When I was a little, I was in a house fire that resulted in third degree burns covering 40% of my body. I have scarring in my throat after being intubated in hospital which has left me experiencing difficulty breathing. This means I am more vulnerable to respiratory illnesses; so COVID-19 is particularly dangerous for me. I have had to have numerous surgeries due to my scarring, which has resulted in me having to spend many long periods house-bound. I therefore have experienced isolation previously and know how difficult it can be. I feel very fortunate to be safe and healthy with my family to keep me company, but, as I think it does for everyone, lockdown and the change to normal life can take a toll on your mental health.
I have just finished my first year of studying law at the University of Bristol. No matter how many times I start a new place, there is always anxiety in the back of my mind that people might treat me differently because of my scars. However, I actually gained self-confidence at university because I found that every common belief about those who look “different” was contradicted. My scars did not affect my ability to make an amazing group of friends, my ability to date or to achieve my goals. I was so distracted with work, societies, going out, and meeting new people that my scars barely crossed my mind.
Due to lockdown measures, I had to leave university in March; completing coursework and exams at home, going from the typical student life of living away in halls, independence and attempting to cook by myself (I have to admit I once managed to burn rice), to suddenly returning back home and barely allowed to leave the house. I realised isolation was beginning to have a negative effect on my confidence and self-esteem due to the combination of increased time alone and copious amounts of time scrolling on social media. I also did not have the distraction that university provided, giving me more time to think about my scarring. As a young adult, I am not alone in feeling the negative effect of social media, but scarring provides further challenges as it is often viewed as an “imperfection” that is airbrushed out of photos on Instagram, and very rarely portrayed positively in the media at all.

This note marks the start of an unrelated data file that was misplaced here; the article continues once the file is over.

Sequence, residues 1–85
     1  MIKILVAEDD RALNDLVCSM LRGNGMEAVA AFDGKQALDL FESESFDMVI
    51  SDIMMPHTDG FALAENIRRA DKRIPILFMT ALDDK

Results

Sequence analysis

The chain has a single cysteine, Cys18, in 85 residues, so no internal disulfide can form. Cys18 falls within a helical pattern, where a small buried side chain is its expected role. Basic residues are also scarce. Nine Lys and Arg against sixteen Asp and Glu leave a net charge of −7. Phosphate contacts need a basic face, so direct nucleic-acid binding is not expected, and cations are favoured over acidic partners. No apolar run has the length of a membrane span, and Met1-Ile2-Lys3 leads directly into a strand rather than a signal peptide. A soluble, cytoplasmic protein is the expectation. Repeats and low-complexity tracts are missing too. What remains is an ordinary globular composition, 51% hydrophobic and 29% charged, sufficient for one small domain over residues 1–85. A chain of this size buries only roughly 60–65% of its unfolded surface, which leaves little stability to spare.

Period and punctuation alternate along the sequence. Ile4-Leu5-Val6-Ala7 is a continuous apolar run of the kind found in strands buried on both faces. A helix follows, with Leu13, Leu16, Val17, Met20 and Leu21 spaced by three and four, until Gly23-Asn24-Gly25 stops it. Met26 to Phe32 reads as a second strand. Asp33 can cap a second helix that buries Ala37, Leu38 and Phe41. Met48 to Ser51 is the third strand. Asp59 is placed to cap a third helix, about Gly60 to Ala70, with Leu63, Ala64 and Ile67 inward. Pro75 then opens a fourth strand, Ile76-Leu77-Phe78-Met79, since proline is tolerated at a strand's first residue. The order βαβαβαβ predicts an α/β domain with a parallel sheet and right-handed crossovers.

I came to realise that it is easy to rely on validation from others; validation from my friends at university, and validation from my family in lockdown. I realised that I would have to give myself that same validation and confidence as lockdown eased and I re-entered society. This is a scary prospect; especially in summer when scars are more on show than ever. Scars that you are not as used to showing are also on display more, which can prove to be more of a mental challenge. This makes simple things like wearing a bikini to the beach a lot more difficult.
I decided the best way to build my self-confidence was to work on taking care of myself (working out, eating healthily and practicing self-care) to feel good mentally. As a result, I have begun to rely on confidence from myself rather than others. Although easier said than done, it is incredibly empowering to realise you can give yourself that validation.
Lockdown has given me more time to spend with my family, time to slow down the pace, time to invest in my hobbies and drive everyone in the house insane as I practise the same piano piece over and over. It has made me more grateful than ever for the support systems I have. I hope that as lockdown eases, people will be kind, and remember that for many, re-entering society can be an intimidating prospect. As for those that have scarring like me, we have to remember we should not feel ashamed as scars only show what we have overcome. The way we view ourselves sets the standard for those who meet us, and I hope we can all lead by example and show those with scarring are just as confident and valuable as anyone else.